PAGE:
Carol Shea-Porter (D): 47 (41)
Frank Guinta (R-inc): 43 (48)
Undecided: 10 (10)
Ann McLane Kuster (D): 42 (42)New Hampshire seems to have especially outsized reactions to swings in the nation's political pendulum. That's particularly pronounced in the state's enormous House of Representatives, which swung from a 216-174 Democratic edge to a 298-102 Republican edge in the 2010 election—but it's also the case with the state's two U.S. House seats, which both flipped from Republican to Democratic control in the 2006 wave, and back again to Republicans in 2010. We don't seem to be looking at a wave building one way or the other in 2012; instead, put together an election likely to be fought at the 50-yard line and two very swingy seats, and you've got two true tossups, which is exactly what PPP's newest poll of the Granite State finds.
Charlie Bass (R-inc): 42 (43)
Undecided: 15 (15)
Most observers (with the notable exception of local blogger Dean Barker) have expected that NH-02 is likelier to flip back into Democratic control than NH-01. That's based partly on the districts' leans (the lines barely changed at redistricting, keeping NH-01 53 percent Obama and NH-02 56 percent Obama), but also the 2010 results, important because both races are rematches. Democratic incumbent Carol Shea-Porter lost by double digits to Republican Manchester Mayor Frank Guinta, while Ann McLane Kuster (who was trying to hold the seat left open by Paul Hodes' Senate run) came much closer to ex-Rep. Charlie Bass (who picked back up the seat that he lost to Hodes in 2006). Add in Shea-Porter's reputation for weak fundraising, and voila: Conventional wisdom was formed.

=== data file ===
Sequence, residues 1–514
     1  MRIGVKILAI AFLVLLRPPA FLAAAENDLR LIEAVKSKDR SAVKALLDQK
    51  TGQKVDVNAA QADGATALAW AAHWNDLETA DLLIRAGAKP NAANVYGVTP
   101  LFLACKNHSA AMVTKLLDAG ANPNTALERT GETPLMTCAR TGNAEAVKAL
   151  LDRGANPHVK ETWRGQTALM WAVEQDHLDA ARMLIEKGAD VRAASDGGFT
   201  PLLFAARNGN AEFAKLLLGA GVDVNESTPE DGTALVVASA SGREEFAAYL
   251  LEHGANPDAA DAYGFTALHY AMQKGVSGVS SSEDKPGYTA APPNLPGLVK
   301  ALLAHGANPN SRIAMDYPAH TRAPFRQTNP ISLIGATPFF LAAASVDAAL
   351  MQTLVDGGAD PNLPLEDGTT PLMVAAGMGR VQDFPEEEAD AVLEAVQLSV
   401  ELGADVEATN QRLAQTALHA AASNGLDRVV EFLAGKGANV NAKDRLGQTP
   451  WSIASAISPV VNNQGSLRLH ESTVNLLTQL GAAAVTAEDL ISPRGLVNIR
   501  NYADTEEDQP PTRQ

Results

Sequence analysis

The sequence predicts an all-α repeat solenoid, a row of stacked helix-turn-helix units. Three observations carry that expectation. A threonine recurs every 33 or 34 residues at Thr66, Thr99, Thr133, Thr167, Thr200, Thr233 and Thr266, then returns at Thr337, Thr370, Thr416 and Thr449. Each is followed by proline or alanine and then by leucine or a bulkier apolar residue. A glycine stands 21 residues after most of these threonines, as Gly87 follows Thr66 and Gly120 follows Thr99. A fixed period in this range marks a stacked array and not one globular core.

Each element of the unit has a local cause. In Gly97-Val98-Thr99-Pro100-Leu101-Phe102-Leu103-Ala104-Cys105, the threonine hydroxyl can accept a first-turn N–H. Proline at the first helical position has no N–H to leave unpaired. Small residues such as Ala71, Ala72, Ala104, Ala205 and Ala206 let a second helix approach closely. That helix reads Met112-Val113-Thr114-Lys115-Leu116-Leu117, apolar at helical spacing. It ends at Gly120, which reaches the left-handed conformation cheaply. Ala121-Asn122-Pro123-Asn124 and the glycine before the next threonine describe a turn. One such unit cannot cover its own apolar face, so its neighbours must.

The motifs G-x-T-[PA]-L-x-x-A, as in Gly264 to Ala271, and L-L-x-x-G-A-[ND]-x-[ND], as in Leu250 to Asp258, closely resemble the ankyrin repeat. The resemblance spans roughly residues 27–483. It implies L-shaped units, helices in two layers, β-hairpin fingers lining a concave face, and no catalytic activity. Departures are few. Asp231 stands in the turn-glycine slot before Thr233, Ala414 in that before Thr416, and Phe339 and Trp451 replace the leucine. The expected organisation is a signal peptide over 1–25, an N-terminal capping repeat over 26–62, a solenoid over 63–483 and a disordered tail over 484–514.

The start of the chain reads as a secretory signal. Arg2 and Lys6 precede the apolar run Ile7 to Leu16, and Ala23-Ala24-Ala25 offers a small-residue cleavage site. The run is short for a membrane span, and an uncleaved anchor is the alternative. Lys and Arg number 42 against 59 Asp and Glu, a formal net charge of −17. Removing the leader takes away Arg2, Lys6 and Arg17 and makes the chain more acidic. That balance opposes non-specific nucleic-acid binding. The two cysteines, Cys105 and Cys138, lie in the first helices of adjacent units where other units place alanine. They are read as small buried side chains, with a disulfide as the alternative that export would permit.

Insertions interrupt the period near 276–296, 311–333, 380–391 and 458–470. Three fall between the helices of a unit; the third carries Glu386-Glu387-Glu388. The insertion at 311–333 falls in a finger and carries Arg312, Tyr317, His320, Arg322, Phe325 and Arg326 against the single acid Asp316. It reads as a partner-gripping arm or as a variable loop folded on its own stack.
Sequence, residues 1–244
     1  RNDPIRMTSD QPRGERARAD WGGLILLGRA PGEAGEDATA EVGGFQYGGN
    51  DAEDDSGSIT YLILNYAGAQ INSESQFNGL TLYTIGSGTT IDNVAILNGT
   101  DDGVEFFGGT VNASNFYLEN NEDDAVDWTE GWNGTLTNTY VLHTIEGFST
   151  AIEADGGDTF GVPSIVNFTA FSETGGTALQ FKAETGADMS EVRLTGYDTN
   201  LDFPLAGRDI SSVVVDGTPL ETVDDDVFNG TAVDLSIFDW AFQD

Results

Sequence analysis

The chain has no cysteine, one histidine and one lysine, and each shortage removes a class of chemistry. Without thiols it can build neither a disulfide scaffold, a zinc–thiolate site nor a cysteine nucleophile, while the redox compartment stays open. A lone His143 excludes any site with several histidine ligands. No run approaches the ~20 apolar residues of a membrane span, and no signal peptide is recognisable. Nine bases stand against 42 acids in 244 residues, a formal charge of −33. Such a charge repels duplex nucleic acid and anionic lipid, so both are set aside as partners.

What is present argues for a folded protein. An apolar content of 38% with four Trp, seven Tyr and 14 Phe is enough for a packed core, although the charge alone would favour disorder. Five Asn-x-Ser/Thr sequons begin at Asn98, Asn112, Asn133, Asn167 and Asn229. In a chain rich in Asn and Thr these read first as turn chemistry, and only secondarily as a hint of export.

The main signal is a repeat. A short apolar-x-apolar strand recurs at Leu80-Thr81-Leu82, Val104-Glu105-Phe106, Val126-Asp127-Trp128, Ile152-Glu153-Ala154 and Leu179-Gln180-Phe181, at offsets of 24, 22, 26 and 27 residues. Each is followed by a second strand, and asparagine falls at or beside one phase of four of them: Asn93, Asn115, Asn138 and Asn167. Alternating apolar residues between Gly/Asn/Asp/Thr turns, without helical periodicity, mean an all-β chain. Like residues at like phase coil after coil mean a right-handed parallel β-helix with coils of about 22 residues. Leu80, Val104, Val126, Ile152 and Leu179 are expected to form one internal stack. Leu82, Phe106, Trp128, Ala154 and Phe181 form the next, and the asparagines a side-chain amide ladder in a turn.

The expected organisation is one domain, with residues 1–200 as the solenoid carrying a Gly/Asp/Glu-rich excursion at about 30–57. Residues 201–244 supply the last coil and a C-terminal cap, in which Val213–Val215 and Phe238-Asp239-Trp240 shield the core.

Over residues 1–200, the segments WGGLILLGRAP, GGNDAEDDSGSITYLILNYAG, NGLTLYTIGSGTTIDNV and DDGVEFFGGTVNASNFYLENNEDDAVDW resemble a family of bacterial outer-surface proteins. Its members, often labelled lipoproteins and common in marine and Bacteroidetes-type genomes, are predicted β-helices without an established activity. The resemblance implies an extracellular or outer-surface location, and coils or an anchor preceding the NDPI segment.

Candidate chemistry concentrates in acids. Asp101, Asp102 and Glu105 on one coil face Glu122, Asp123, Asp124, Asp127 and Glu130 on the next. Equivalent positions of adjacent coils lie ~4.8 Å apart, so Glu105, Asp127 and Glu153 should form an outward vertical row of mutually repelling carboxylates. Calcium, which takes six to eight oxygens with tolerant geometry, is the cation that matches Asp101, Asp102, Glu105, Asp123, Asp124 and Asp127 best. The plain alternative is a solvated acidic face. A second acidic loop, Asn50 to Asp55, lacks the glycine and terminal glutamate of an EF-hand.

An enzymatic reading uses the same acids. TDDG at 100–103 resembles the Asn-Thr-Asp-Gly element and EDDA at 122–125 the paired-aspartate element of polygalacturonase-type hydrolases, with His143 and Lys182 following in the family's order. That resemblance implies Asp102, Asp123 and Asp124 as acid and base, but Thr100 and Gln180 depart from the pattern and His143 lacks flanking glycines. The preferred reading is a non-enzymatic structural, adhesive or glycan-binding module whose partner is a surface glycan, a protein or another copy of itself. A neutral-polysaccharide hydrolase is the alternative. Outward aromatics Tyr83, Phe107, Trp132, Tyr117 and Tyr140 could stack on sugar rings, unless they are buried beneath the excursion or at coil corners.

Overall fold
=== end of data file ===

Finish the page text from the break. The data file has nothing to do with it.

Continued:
However, PPP's newest poll stands that on its head: Shea-Porter leads Guinta by 4, while Kuster ties Bass. That's quite the turnaround for Shea-Porter from PPP's previous poll from almost a year ago, where she trailed Guinta by 7. What seems to have happened is that Guinta has become much less popular, down to a 36/44 approval from 39/38 last year. I'd speculate that might have to do with buyer's remorse, as Guinta has turned out to be much more rigidly conservative than that district would warrant; compare that with Bass, who's one of the House's most moderate Republicans.
But Bass's moderation isn't helping him much: He has even worse 34/49 approvals, though some of that seems to be Republicans who disapprove of him from the right (as seen in that only 62 percent of GOPers approve, but 79 percent will still vote for him). The real problem for Bass might be that there are significantly more undecided Democrats (16 percent) than there are Republicans (9 percent), so a tie is a bad place for Bass to start; that would give Kuster more room to grow than Bass.
When we issued our House Race Ratings several weeks ago, we started NH-01 at "Lean Republican" and NH-02 at "Tossup," based on the previous PPP poll but also on the difference in the districts, the candidates' 2010 margins, and their very different fundraising abilities. This poll (plus the Univ. of New Hampshire poll last month), however, shows that thanks to her name rec from her previous two terms and her grassroots support (along with an assist from an unpopular Guinta), Shea-Porter may actually have the better shot at a pickup here. With that, we're moving NH-01 to "Tossup" as well.